Roodepoort, means “red valley” in Afrikaans. It is a residential area which gets its name from the red soil in the area. It dates back to 1884, when Fred Struben discovered the first payable gold in the area at what he called the Confidence Reef, a large rocky outcrop in the centre of Roodepoort. At the time the area was settled by scattered Boer farmers on nine farms. Four of the farms – Roodepoort, Vogelstruisfontein, Paardekraal and Wilgrespruit – were soon declared public diggings.
Jan Bantjies secured the prospecting rights on the farm Roodepoort and the next year, gold was discovered. The farm was opened for public diggings. The diggers needed a place to pitch their tents and so the farm Roodepoort opened up its land. A shantytown sprang up. Four mining towns, Roodepoort, Florida, Hamberg and Maraisburg, were proclaimed between 1886 and 1888. In 1886 the main reef at Langlaagte in Johannesburg was discovered. The gold at Confidence Reef, mostly surface gold in quartz rock, soon ran out, but by then a settled community was established in Roodepoort.
In 1963 the Roodepoort-Maraisburg municipality was changed to Roodepoort and city status was granted in 1977 (at which time Maraisburg was dropped from the name).
Roodepoort is a gold-mining center in the West Rand area. A monument commemorates the Jameson Raid of 1895.
The Old House on the corner of 3rd Street and Boundary Road consists of an early three-roomed wood and iron structure, which soon had a verandah and railing added to become an attractive cottage. The old municipal offices in Berlandina Street, an attractive plaster and stone building now used as a Roodepoort branch library. It was declared a national monument in 1985. Another national monument is the old Roodepoort Town School in Rex Street, on the site of the original building erected in 1894.
The Roodepoort region is an extremely attractive residential areas in Johannesburg. It has lovely views of the city to the east and the Magaliesburg to the west. There are golf courses and entertainment areas, as well as what many consider the city’s finest park, the Witwatersrand Botanical Gardens.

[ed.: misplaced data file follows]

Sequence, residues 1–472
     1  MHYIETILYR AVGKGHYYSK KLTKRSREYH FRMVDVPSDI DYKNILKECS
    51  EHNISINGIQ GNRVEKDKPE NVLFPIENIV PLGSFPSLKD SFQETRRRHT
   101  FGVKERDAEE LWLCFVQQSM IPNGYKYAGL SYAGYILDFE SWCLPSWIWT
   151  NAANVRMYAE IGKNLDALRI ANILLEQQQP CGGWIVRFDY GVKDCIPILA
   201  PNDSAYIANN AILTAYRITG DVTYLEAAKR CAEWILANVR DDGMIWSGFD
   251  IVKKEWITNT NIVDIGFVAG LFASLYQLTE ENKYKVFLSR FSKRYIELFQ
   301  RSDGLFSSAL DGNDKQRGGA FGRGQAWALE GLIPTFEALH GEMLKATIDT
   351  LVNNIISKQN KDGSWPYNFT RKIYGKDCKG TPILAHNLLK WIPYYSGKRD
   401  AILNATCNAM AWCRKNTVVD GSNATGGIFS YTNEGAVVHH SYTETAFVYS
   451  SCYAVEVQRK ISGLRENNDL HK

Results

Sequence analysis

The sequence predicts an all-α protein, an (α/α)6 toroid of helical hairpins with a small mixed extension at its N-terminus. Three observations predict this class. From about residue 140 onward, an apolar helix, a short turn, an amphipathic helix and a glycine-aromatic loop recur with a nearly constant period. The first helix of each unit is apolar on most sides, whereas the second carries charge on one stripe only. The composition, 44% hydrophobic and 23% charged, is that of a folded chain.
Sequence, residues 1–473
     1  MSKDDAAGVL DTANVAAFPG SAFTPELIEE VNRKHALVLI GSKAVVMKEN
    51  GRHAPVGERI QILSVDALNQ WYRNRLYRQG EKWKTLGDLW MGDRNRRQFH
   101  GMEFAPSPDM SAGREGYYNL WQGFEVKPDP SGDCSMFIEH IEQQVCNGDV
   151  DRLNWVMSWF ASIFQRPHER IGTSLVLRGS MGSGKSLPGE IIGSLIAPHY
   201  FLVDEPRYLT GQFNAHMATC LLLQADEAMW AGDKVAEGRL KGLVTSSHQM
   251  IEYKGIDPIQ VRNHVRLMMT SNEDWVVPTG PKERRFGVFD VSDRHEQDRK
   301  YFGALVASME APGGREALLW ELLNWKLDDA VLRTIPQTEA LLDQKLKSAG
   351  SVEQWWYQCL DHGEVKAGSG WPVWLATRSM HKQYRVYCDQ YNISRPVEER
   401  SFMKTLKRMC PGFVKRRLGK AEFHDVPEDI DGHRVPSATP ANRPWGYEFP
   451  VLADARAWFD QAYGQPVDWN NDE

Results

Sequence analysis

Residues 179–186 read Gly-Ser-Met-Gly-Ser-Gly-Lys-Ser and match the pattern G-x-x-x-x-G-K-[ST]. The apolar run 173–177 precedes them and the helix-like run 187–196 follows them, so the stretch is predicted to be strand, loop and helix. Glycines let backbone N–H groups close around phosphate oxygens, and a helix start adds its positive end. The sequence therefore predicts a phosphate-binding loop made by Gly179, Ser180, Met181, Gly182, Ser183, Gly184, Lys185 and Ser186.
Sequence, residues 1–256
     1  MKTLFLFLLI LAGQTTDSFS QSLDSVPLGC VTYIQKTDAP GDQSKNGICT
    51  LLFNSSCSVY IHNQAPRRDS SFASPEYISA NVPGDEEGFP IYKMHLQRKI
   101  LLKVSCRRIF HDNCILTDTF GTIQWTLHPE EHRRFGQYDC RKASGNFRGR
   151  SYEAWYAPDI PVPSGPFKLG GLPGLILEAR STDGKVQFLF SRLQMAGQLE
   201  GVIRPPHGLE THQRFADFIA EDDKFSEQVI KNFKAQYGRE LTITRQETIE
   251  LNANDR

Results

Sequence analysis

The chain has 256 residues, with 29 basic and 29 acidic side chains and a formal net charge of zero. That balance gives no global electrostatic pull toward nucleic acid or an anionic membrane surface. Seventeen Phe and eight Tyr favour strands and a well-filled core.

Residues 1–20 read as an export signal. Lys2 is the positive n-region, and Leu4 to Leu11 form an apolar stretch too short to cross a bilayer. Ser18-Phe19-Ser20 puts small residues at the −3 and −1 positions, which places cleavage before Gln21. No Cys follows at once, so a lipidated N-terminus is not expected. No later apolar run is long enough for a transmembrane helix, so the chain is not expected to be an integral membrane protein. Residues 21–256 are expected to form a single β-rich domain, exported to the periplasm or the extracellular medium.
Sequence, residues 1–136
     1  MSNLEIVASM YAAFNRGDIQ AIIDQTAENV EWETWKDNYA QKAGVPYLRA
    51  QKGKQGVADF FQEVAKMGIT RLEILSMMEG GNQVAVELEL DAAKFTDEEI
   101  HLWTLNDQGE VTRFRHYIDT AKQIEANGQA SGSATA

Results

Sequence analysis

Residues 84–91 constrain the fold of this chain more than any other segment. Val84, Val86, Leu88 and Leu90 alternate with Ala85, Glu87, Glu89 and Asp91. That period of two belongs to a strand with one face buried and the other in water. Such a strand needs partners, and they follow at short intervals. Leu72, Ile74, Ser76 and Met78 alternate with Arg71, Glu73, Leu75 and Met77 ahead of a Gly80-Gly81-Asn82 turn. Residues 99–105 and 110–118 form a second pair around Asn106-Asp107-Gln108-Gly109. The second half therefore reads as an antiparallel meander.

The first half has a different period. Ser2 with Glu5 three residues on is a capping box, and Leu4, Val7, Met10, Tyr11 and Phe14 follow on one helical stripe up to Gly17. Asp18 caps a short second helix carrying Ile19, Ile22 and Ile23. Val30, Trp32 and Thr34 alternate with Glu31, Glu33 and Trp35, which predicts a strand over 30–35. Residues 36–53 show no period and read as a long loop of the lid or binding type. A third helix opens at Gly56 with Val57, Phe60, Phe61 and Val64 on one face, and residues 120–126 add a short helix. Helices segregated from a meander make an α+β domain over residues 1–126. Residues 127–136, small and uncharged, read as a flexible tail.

Roodepoort has a busy business centre, with a large variety of shops, shopping centres and shopping malls.
It abounds in accommodation of all sorts – from budget accommodation to more exclusive B & B accommodation. There are many self-catering chalets, hotels, guest houses and lodges to be found in Roodepoort.
Roodepoort is the region most conveniently situated for access to Gauteng attractions such as the Cradle of Humankind, Magaliesburg and Pilanesburg. The area offers a wide range of services including a museum, major private hospitals, shopping centres, schools, country lodges, trails, restaurants, golf courses and country clubs
It is well linked to the rest of the city with major roads, such as Main Reef Road, Ontdekkers Road, Beyers Naude Drive and Malibongwe Drive. It is also conveniently situated for access to leading Gauteng attractions, such as the Cradle of Humankind, Magaliesberg and Pilansberg.
The suburbs in the north of Roodepoort are among the most attractive residential areas in the metro, with houses dotted along rolling hills offering good views of the city to the east and the Magaliesberg to the west.
There are plenty of open spaces, golf courses and entertainment areas, as well as the city’s premier park, the Walter Sisulu National Botanical Garden, which was previously known as the Witwatersrand Botanical Garden.
Region C is also home to two universities – the University of South Africa’s Florida campus and the local campus of Australia’s Monash University, in Ruimsig. It is well-served by amenities, including shopping centres, schools, a museum and theatre, health facilities, country lodges, restaurants, sporting facilities and nature trails.